The wind was now moderate, but con- grow red, from the approach of the sun, tinued fair, and we were still drawing nearer which soon arose just under it. In a word, to our port. We began to recover from we had been prodigal of our bread and brandy our consternation, though we were greatly too hastily; our land was literally in nubibus, alarmed by our circumstances. We found nothing but clouds, and in half an hour more that, the water having floated all our move the whole appearance was dissipated. Seaables in the hold, all the casks of provision, men have often known deceptions of this
sort, but in our extremity we were loath to ed up to see the land, and were convinced be undeceived. However, we comforted that it was land indeed. We saw the island ourselves, that though we could not see the Tory, and the next day anchored in Lough land, yet we should soon, the wind hitherto Swilly, in Ireland ; this was the eighth of continuing fair; but, alas! we were deprived April, just four weeks after the damage was of this hope likewise. That very day, our sustained from the sea. When we came fair wind subsided into a calm, and the next into this port our very last victuals were morning the gales sprung up from the south- boiling in the pot; and before we had been east, directly against us, and continued so there two hours, the wind, which seemed to for more than a fortnight afterwards. The have been providentially restrained till we ship was so wrecked, that we were obliged were in a place of safety, began to blow with to keep the wind always on the broken side, great violence, so that if we had continued unless the weather was quite moderate : thus at sea that night in our shattered, enfeebled we were driven, by the wind fixing in that condition, we must, in all human appearquarter, still further from our port, to the ance, have gone to the bottom. About this northward of all Ireland, as far as the Lewis time I began to know that there is a God or western islands of Scotland, but a long that hears and answers prayer. How many way to the westward. In a word, our station times has he appeared for me since this was such as deprived us of any hope of being great deliverance !-yet, alas! how distrustrelieved by other vessels: it may, indeed, be ful and ungrateful is my heart unto this questioned, whether our ship was not the hour!—I am, dear sir, your obliged humble very first that had been in that part of the servant. ocean, at the same season of the year. January 19, 1763.
Provisions now began to grow very short; the half of a salted cod was a day's subsistence for twelve people; we had plenty of fresh water, but not a drop of stronger liquor;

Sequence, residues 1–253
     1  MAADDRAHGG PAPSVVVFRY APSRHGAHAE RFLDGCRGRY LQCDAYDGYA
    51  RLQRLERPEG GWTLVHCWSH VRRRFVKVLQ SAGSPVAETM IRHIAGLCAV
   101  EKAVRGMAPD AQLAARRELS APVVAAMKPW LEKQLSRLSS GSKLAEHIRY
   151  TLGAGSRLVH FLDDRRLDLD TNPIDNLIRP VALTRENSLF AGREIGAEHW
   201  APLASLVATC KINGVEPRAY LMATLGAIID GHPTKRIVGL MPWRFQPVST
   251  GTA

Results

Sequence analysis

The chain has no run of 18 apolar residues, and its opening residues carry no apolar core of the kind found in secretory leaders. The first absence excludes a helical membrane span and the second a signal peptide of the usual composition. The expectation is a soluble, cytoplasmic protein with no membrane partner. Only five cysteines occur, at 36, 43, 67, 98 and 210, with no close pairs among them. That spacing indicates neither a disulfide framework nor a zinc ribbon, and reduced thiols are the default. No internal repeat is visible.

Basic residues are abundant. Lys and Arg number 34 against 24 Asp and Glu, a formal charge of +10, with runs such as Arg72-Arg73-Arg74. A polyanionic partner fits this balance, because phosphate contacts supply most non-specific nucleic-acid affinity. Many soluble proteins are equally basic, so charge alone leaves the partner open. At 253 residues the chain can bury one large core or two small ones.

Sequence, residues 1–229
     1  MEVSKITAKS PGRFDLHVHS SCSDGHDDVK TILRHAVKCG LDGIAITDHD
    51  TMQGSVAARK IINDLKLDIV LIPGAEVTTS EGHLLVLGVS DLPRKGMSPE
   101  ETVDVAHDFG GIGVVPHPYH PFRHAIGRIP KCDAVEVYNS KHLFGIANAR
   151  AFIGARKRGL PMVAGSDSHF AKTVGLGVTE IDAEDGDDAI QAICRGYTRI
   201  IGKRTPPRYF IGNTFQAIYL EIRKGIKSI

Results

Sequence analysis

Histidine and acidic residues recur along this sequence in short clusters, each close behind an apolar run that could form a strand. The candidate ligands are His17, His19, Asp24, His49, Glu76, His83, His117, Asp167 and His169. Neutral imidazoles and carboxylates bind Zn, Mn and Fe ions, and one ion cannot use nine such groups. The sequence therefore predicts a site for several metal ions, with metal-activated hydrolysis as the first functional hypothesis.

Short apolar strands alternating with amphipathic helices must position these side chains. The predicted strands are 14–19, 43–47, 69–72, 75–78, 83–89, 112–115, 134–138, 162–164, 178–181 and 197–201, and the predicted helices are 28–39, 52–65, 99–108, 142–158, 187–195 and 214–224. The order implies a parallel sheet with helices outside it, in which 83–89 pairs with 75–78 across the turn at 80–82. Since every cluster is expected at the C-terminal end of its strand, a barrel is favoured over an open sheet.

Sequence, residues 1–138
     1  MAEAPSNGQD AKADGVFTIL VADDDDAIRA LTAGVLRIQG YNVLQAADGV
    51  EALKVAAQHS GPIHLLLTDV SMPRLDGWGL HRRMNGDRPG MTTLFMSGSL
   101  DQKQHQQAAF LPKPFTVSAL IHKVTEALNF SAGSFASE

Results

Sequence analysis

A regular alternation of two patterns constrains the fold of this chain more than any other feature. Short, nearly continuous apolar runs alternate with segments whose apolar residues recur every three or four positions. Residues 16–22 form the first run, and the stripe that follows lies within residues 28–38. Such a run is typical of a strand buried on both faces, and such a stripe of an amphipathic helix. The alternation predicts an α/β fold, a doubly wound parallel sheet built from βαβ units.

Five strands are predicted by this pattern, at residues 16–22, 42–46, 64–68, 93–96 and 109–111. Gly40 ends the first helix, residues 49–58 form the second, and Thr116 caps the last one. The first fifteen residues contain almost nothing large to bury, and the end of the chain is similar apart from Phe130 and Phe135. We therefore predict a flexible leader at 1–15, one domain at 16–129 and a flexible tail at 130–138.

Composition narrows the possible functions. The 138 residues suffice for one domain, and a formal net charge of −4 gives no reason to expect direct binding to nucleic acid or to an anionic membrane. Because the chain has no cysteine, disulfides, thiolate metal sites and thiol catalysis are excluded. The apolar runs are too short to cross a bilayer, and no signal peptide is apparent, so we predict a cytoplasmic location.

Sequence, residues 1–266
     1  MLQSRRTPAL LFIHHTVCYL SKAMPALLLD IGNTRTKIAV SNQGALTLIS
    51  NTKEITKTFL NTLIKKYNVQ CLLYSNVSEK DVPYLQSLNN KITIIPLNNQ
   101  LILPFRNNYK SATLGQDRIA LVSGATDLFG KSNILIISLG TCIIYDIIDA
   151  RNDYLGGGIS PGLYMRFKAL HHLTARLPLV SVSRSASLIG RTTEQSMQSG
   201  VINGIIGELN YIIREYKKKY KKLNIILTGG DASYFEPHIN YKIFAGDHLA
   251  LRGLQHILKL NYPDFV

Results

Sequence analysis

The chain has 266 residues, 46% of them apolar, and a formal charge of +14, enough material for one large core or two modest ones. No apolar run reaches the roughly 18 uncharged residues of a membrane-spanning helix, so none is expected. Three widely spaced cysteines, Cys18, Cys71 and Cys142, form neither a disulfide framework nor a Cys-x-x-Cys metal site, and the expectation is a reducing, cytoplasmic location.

LETTER IX. vo bread, hardly any clothes, and very cold weather. We had incessant labour with the DEAR SIR,—I have brought my history pumps, to keep the ship above water. Much down to the time of my arrival in Ireland, labour and little food, wasted us fast, and one 1748; but before I proceed, I would look man died under the hardship. Yet our suf- back a little, to give you some farther account ferings were light in comparison of our just of the state of my mind, and how far I was fears; we could not afford this bare allow- helped against inward difficulties, which beance much longer, but had a terrible pros- set me, at the time I had many outward pect of being either starved to death, or re- hardships to struggle with. The straits of duced to feed upon one another. Our ex- hunger, cold, weariness, and the fears of pectations grew darker every day, and I had sinking and starving, I shared in common à further trouble peculiar to myself. The with others; but besides these, I felt a heartcaptain, whose temper was quite soured by bitterness, which was properly my own; no distress, was hourly reproaching me (as I one on board, but myself, being impressed forinerly observed) as the sole cause of the with any sense of the hand of God in our calamity, and was confident that if I was danger and deliverance, at least not awakthrown overboard, and not otherwise, they ened to any concern for their souls. No tem. should be preserved from death. He did not poral dispensations can reach the heart, unintend to make the experiment, but continual less the Lord himself applies them. My repetition of this in my ears gave me much companions in danger were either quite ununeasiness, especially as my conscience se- affected, or soon forgot it all; but it was not conded his words. I thought it very probable, so with me: not that I was any wiser or betthat all that had befallen us was on my ac- ter than they, but because the Lord was count. I was, at last, found out by the power- pleased to vouchsafe me peculiar mercy, ful hand of God, and condemned in my own otherwise I was the most unlikely person in breast. However, proceeding in the method the ship to receive an impression, having I have described, we began to conceive hopes been often before quite stupid and hardened greater than all our fears, especially, when in the very face of great dangers, and alat the time we were ready to give up all for ways to this time had hardened my neck lost, and despair was taking place in every still more and more after every reproof